Linux Journal: Guilty! What's Next for Linux?Apr 05, 2000, 01:55 (1 Talkback[s])
(Other stories by Bryan Pfaffenberger)
"Microsoft's tactics are too risky. What's a would-be monopolist to do? Why not use copyrights and patents instead? After all, they're state-guaranteed, legal monopolies. Now if we can just get over this silly idea that they should be limited..."
"Microsoft's guilty, says Judge Jackson. Is this good news for Linux? Here's the short answer: Yes and no. Here's the "yes" part: Microsoft's adversaries now have a potent weapon -- Jackson's decision -- and they'll use it the minute the Redmondians step out of line. Whatever happens in the appeal process, Microsoft will need to be nice for a while. That means Linux can do what superior technologies ought to do: gain market share. Actually, there's nothing new here. According to industry observers, Microsoft has been playing more nicely for some time now. With the spotlight trained on the firm's every action, they'd darned well better. As long as Microsoft's muzzled, it seems, Linux can look to a Halloween-free future. (The so-called "Halloween" documents disclose internal Microsoft musings about various nasty things the company could do to ward off the Linux threat.)"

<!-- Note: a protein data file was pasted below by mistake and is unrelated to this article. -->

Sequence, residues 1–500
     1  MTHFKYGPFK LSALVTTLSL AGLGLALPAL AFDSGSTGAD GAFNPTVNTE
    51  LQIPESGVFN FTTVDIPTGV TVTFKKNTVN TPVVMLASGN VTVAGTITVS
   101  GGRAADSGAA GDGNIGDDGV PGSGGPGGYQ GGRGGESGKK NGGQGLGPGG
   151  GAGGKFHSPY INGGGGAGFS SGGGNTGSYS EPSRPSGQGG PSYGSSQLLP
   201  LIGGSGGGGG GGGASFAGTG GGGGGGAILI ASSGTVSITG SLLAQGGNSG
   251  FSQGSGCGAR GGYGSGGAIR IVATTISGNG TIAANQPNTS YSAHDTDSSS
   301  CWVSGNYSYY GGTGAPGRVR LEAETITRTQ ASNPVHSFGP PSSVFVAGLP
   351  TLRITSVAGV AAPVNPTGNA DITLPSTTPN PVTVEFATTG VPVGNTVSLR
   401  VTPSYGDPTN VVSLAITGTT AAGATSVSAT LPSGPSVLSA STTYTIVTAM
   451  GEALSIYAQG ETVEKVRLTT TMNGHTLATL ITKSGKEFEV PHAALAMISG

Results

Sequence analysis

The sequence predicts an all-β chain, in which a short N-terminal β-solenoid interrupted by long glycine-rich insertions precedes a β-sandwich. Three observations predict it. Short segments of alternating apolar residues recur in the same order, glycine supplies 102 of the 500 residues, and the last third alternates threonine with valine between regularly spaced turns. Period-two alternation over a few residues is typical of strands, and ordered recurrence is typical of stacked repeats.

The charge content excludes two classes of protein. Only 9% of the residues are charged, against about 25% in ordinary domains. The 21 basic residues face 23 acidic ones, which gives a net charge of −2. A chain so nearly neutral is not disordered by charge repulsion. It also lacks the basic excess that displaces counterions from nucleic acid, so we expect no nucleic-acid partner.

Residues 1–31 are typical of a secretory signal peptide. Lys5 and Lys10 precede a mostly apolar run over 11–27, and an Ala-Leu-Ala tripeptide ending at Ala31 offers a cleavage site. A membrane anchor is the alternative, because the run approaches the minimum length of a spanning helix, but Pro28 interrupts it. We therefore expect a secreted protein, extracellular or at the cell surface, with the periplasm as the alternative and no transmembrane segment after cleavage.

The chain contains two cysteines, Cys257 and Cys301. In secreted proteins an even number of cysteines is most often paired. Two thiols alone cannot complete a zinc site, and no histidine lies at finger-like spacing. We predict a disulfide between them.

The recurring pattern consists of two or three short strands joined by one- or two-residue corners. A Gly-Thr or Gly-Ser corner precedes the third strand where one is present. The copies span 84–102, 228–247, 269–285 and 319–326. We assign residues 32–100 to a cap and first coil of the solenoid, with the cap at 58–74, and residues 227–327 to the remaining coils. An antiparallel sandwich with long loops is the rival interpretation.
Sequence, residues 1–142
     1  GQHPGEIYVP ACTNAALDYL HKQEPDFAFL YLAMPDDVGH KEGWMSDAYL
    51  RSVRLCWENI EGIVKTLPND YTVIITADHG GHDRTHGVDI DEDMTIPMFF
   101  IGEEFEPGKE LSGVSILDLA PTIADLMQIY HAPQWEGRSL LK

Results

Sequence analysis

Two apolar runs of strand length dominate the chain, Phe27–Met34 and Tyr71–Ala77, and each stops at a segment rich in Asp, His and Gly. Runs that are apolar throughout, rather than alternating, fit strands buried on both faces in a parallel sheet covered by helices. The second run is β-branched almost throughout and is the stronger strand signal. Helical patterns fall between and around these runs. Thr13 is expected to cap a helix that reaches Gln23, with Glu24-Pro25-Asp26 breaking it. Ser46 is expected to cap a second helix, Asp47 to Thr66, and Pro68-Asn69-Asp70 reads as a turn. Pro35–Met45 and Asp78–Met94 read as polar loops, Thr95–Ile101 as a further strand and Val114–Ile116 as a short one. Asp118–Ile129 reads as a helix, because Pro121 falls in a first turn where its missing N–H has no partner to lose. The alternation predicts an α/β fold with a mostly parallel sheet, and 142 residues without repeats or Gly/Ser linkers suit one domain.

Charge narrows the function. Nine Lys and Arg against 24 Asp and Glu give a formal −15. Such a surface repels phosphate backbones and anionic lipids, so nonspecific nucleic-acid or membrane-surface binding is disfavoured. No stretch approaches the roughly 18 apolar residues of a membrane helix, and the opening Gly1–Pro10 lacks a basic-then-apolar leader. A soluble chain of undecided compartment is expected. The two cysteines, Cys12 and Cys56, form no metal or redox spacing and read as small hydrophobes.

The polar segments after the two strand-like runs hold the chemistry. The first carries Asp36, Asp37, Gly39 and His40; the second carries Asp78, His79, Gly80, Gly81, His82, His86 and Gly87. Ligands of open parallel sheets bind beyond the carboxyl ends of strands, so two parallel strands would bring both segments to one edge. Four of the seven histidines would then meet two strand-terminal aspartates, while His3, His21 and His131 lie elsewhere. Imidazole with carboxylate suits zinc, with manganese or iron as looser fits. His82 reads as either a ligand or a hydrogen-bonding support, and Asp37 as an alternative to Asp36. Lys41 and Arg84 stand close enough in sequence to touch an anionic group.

"But there's a "no" part, too. Basically, Judge Jackson's decision sends a very powerful signal to the industry's attack dogs: Microsoft's game plan is too darned risky. It involves strong-arming suppliers and customers to obtain a commanding market share, a de facto monopoly, which you maintain using tactics that may cross the line separating legal and illegal behavior. The whole thing could blow up in your face. It happened to IBM. It happened to Microsoft, which emulated and perfected IBM's tactics. (Apparently, Microsoft isn't much more innovative in business strategy than it is in technology.) What worries me is that the attack dogs will switch wholeheartedly to a game they've only toyed with until now: using copyrights and patents for the same, anticompetitive purposes. The result could well be a world in which companies that have created absolutely nothing are able to obtain exclusive control of their markets--and it will all be perfectly legal."